2013 Trip One, Day Thirteen, Jan 25

a few of the horses on Cumberland Island

a few of the horses on Cumberland Island

Carnegie's Plum Orchard house

Carnegie’s Plum Orchard house

inside of church at the settlement on Cumberland Island

inside of church at the settlement on Cumberland Island

After four days of a more relaxed morning pace, we were up and out by 7:30 am.  Our destination was Cumberland Island National Seashore and we had to be to the dock to catch our 45 minute ferry ride by 8:30.

Cumberland Island is the largest of the barrier islands in Georgia.  It’s history has mingled French, Spanish, English and Native American stories.  For our purposes, we were going over to visit the island ecology and  history as a plantation and then a winter playground of the rich and famous, in this case the Carnegie family which owned 90% of the island in the early 1900s.  (Although the Candlers of Coca Cola money also have a place).  It was one of those deals where the National Park Service got the land to preserve when the maintenance  cost got too much for the rich so they took a tax deduction and a lifelong right to use their houses.   (My personal interpretation of history.)

We drove from Amelia Island to St. Mary’s Georgia to pick up the ferry, about a 45 minute drive.   After an orientation talk, we took the 45 minute ferry ride to the island.  THe  clouds and sprinkles we had on the way to St. Mary’s disappeared and the day was sunny and in the high 60s.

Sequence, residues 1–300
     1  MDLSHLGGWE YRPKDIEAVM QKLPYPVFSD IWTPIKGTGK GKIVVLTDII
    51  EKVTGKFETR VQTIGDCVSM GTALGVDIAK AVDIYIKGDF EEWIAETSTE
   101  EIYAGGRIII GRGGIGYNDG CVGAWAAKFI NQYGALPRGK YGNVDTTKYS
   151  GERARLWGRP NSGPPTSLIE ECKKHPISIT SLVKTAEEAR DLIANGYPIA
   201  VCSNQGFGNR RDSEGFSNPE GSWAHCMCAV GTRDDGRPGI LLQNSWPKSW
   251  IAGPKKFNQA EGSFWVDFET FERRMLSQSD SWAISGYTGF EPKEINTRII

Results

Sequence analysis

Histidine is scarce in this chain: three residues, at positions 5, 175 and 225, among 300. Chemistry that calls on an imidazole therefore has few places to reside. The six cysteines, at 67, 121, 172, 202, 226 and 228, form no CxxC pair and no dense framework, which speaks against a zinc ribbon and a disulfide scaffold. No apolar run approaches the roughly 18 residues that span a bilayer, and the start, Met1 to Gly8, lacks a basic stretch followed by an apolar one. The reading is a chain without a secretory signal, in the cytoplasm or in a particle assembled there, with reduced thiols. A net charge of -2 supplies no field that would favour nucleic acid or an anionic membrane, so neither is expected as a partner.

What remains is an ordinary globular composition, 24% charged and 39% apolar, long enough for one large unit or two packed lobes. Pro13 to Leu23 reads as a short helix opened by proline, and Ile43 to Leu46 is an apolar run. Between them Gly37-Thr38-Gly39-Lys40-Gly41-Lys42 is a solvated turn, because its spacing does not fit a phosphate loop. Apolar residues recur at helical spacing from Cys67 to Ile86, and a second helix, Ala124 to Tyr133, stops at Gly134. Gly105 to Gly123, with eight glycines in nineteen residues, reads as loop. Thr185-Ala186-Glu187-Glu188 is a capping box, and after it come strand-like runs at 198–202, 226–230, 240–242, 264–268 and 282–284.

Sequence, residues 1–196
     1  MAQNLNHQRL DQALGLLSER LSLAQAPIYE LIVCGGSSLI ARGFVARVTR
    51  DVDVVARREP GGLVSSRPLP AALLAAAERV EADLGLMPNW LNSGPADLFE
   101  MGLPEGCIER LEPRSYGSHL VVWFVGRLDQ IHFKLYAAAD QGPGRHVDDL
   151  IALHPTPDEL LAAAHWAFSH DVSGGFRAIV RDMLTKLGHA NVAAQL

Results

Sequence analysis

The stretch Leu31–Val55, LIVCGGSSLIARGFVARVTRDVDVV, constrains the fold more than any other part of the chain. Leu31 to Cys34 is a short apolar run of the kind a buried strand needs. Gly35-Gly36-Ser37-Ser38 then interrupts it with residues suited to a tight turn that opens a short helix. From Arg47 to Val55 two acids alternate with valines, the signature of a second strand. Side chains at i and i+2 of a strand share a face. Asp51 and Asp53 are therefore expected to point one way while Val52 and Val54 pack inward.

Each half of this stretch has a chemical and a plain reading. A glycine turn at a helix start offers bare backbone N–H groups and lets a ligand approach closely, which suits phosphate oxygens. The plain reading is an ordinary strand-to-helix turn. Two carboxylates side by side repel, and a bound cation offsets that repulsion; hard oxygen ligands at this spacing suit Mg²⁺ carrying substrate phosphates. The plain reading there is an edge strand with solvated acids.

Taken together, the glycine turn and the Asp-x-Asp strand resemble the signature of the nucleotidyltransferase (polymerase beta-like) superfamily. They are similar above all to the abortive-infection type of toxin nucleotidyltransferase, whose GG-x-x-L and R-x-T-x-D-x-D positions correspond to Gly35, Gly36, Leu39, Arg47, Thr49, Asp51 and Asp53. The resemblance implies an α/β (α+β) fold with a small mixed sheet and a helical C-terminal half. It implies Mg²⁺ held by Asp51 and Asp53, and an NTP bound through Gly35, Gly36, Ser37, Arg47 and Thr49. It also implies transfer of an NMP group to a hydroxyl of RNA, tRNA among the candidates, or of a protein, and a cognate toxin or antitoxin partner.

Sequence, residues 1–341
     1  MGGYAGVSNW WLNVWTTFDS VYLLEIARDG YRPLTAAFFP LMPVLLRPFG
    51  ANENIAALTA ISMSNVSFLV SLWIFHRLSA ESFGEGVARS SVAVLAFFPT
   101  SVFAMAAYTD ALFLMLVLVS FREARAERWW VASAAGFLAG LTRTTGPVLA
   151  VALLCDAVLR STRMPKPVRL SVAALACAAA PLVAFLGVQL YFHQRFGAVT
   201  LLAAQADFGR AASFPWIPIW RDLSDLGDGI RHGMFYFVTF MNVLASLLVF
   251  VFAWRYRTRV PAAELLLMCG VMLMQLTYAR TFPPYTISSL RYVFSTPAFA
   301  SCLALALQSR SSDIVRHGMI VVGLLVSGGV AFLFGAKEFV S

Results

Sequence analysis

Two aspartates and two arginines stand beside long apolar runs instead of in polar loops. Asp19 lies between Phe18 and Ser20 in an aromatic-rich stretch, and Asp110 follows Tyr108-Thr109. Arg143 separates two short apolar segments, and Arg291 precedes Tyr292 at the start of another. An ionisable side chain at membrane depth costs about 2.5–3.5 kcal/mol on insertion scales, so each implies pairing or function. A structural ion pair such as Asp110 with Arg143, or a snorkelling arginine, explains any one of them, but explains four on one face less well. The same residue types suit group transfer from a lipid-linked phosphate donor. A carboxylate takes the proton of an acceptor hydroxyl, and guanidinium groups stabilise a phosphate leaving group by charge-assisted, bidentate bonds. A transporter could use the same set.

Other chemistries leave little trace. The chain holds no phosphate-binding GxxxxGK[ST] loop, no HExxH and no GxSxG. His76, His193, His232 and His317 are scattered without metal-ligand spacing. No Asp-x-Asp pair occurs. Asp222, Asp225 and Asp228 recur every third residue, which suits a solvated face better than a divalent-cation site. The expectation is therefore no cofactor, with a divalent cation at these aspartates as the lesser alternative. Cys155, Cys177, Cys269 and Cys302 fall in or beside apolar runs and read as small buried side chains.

We had signed up for a day long park ranger led tour that combined walking and riding in a van.  There was more van riding than we expected, the island is long and the “road” bumpy and narrow.

During the course of the tour, we saw about ten of the 150 horses running wild on the island.  Although looking down, one could  observe evidence of many horses. One of the Carnegies stipulated that her horses were to be set free upon her death.  There are mixed opinions today as the population is large for the island’s size and some believe they are having a negative impact on the land and ecology.  The grasses are not the most nutritious for them.

We visited the beach and saw oyster beds (used also in the construction  of tabby buildings in the area).  Waterfowl were sparse today.  We saw many more in the Florida preserves.

We visited one of the Carnegie summer homes.  This one was 24,000 sf.  Another one that burnt down was 37,000 sf.  There are others now private, an inn, or destroyed.  (For reference for MN people, the James J Hill house is  36,000 s.f.)

We visited the small African American settlement that arose after the Civil War.  On a side note, the small church in the settlement area was the site of the 1996 wedding of John Kennedy Jr and Carolyn Bessette-the ability to control access and keep the wedding secret and private was evidently a major reason for its use, along with a friendship with the Candlers.

After a return to land, we drove back to Amelia Island and Fernandina Beach, watching the sunset and having dinner again at Barbara Jeans.

Categories: road trip, travel | Tags: , | Leave a comment

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